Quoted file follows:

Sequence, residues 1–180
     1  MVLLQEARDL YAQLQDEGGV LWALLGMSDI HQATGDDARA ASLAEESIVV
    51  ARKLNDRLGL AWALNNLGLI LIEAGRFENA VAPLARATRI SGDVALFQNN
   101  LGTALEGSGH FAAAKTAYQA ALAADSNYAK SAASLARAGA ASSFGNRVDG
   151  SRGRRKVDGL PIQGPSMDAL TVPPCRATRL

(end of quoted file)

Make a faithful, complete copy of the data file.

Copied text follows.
Sequence, residues 1–180
     1  MVLLQEARDL YAQLQDEGGV LWALLGMSDI HQATGDDARA ASLAEESIVV
    51  ARKLNDRLGL AWALNNLGLI LIEAGRFENA VAPLARATRI SGDVALFQNN
   101  LGTALEGSGH FAAAKTAYQA ALAADSNYAK SAASLARAGA ASSFGNRVDG
   151  SRGRRKVDGL PIQGPSMDAL TVPPCRATRL